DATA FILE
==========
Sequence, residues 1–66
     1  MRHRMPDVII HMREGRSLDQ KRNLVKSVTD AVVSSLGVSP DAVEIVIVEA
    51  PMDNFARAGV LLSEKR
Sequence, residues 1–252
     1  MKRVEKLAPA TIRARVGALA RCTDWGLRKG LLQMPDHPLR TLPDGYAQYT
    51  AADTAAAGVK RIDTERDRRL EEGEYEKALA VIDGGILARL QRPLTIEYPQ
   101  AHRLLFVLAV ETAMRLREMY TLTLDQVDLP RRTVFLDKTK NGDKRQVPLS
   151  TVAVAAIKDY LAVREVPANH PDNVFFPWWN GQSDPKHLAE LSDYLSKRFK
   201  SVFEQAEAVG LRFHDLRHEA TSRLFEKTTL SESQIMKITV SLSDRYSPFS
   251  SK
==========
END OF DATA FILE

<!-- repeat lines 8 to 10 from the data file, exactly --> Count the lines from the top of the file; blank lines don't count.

   151  TVAVAAIKDY LAVREVPANH PDNVFFPWWN GQSDPKHLAE LSDYLSKRFK
   201  SVFEQAEAVG LRFHDLRHEA TSRLFEKTTL SESQIMKITV SLSDRYSPFS
   251  SK